Also in June 2017, Apple appointed Jamie Erlicht and Zack Van Amburg to head the newly formed worldwide video unit. In November 2017, Apple announced it was branching out into original scripted programming: a drama series starring Jennifer Aniston and Reese Witherspoon, and a reboot of the anthology series Amazing Stories with Steven Spielberg.[190] In June 2018, Apple signed the Writers Guild of America's minimum basic agreement and Oprah Winfrey to a multi-year content partnership.[191][192] Additional partnerships for original series include Sesame Workshop and DHX Media and its subsidiary Peanuts Worldwide, as well as a partnership with A24 to create original films.[193][194][195]

During the Apple Special Event in September 2017, the AirPower wireless charger was announced along side the iPhone X, 8 and Watch Series 3. The AirPower was intended to wirelessly charge multiple devices, simultaneously. Though initially set to release in early 2018, the AirPower would be canceled in March 2019, marking the first cancellation of a device under Cook's leadership.[196][197][198]

On August 19, 2020, Apple's share price briefly topped $467.77, making Apple the first US company with a market capitalization of $2 trillion.[199]

During its annual WWDC keynote speech on June 22, 2020, Apple announced it would move away from Intel processors, and the Mac would transition to processors developed in-house.[200] The announcement was expected by industry analysts, and it has been noted that Macs featuring Apple's processors would allow for big increases in performance over current Intel-based models.[201] On November 10, 2020, the MacBook Air, MacBook Pro, and the Mac Mini became the first Mac devices powered by an Apple-designed processor, the Apple M1.[202]

In April 2022, it was reported that Samsung Electro-Mechanics would be collaborating with Apple on its M2 chip instead of LG Innotek.[203] Developer logs showed that at least nine Mac models with four different M2 chips were being tested.[204][205]

The Wall Street Journal reported that an effort to develop its own chips left Apple better prepared to deal with the semiconductor shortage that emerged during the pandemic era and led to increased profitability, with sales of Mac computers that included M1 chips rising sharply in 2020 and 2021. It also inspired other companies like Tesla, Amazon, and Meta Platforms to pursue a similar path.[206]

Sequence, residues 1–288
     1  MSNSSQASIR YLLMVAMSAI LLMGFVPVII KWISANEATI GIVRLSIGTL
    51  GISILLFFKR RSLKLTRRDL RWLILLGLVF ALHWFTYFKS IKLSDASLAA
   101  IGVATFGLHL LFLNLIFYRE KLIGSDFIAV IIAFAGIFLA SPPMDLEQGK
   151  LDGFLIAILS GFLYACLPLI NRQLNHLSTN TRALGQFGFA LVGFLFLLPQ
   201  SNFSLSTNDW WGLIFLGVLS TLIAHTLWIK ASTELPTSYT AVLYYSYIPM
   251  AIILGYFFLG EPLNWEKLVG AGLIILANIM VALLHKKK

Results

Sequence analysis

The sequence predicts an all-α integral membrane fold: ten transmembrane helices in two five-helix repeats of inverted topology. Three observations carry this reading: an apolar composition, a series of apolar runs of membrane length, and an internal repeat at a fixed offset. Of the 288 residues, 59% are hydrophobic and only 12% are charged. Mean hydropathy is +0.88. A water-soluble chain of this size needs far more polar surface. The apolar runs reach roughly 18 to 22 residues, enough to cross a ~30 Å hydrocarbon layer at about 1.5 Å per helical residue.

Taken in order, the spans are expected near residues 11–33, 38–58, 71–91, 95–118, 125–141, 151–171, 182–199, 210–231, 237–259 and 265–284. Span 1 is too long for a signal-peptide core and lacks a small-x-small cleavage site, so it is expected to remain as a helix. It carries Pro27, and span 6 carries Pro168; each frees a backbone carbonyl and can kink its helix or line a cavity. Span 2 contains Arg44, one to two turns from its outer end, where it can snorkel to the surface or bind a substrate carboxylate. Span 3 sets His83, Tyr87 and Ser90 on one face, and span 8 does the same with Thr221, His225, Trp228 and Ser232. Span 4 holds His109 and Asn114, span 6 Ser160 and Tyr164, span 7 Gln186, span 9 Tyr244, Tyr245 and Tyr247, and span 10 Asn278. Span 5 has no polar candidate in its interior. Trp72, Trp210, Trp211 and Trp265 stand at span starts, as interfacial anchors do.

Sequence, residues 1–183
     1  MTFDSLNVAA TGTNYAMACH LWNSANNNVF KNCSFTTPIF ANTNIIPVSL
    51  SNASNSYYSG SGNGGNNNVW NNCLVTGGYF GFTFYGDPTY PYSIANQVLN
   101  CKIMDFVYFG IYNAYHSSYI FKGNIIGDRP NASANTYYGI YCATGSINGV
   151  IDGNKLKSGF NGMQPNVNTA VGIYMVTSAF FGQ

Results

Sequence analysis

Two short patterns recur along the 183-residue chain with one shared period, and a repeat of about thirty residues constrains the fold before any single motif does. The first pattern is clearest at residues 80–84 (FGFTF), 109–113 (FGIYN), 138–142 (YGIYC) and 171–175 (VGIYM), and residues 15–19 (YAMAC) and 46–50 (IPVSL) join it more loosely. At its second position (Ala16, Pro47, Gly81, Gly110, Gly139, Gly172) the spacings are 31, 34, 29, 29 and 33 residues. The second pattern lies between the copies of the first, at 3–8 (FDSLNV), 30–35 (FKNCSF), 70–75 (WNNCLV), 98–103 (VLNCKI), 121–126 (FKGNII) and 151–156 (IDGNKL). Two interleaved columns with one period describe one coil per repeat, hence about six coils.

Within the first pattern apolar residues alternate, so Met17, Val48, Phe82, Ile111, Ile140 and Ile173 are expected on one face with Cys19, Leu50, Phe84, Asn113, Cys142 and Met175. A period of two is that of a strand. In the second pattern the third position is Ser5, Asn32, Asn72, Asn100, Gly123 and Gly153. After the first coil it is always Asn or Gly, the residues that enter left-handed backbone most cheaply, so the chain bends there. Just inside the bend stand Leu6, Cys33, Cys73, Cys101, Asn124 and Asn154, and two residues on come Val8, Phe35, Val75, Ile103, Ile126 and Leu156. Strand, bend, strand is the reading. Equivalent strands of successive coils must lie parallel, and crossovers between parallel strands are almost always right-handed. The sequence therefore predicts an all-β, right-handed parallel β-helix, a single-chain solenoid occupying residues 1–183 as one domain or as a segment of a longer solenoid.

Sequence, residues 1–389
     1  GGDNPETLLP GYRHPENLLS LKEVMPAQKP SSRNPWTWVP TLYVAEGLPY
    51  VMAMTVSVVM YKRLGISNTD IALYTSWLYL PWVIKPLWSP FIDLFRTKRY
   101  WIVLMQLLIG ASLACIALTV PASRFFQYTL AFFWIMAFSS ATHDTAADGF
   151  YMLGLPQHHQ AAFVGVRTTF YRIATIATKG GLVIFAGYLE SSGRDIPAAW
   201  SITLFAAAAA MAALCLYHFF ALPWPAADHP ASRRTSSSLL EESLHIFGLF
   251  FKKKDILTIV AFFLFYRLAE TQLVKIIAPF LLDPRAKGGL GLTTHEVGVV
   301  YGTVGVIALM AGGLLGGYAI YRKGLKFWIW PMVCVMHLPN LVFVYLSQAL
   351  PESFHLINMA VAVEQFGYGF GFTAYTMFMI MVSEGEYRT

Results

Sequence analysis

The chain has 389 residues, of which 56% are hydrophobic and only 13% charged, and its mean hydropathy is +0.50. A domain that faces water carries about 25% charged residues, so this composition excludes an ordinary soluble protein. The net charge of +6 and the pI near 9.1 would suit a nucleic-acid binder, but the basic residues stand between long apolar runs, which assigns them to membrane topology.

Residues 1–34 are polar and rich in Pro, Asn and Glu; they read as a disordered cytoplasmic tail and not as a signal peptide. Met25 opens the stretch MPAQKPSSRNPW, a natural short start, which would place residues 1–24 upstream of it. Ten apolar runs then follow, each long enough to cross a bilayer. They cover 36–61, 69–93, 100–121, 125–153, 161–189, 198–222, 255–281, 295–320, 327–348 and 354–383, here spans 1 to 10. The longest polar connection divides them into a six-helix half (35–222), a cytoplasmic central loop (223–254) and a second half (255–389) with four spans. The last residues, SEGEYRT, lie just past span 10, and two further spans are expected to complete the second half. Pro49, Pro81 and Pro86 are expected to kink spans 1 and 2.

In April 2022, Apple opened an online store that allowed anyone in the US to view repair manuals and order replacement parts for specific recent iPhones, although the difference in cost between this method and official repair is anticipated to be minimal.[207][208][209][210][211][212][213]

In May 2022, a trademark was filed for RealityOS, an operating system reportedly intended for virtual and augmented reality headsets, first mentioned in 2017. According to Bloomberg, the headset may come out in 2023.[214][215]

On June 18, 2022, the Apple Store in Towson, Maryland became the first to unionize in the U.S., with the employees voting to join the International Association of Machinists and Aerospace Workers.[216]

On July 7, 2022, Apple announced launching a new security feature called the Lockdown Mode. Lockdown Mode will be available in fall along with the new operating system, and it will serve as protection for high-risk users against spyware cyber attacks.[217]



Macintosh, commonly known as Mac, is Apple's line of personal computers that use the company's proprietary macOS operating system. Personal computers were Apple's original business line, but as of the end of 2021 they account for only about 10 percent of the company's revenue.[218]

The company is in the process of switching Mac computers from Intel processors to Apple silicon, a custom-designed system on a chip platform.

As of March 2022, there are six Macintosh computer families in production:

  • iMac: Consumer all-in-one desktop computer, introduced in 1998.